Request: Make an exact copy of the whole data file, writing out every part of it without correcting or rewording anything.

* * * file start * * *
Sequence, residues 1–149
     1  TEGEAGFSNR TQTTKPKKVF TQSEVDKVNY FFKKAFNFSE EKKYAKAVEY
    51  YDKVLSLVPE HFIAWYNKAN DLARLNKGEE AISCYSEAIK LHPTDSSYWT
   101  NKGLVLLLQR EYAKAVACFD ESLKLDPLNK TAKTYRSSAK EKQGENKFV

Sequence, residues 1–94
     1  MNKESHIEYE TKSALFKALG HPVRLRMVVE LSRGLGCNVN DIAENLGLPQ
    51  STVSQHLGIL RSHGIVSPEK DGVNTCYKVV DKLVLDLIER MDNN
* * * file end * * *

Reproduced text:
Sequence, residues 1–149
     1  TEGEAGFSNR TQTTKPKKVF TQSEVDKVNY FFKKAFNFSE EKKYAKAVEY
    51  YDKVLSLVPE HFIAWYNKAN DLARLNKGEE AISCYSEAIK LHPTDSSYWT
   101  NKGLVLLLQR EYAKAVACFD ESLKLDPLNK TAKTYRSSAK EKQGENKFV

Sequence, residues 1–94
     1  MNKESHIEYE TKSALFKALG HPVRLRMVVE LSRGLGCNVN DIAENLGLPQ
    51  STVSQHLGIL RSHGIVSPEK DGVNTCYKVV DKLVLDLIER MDNN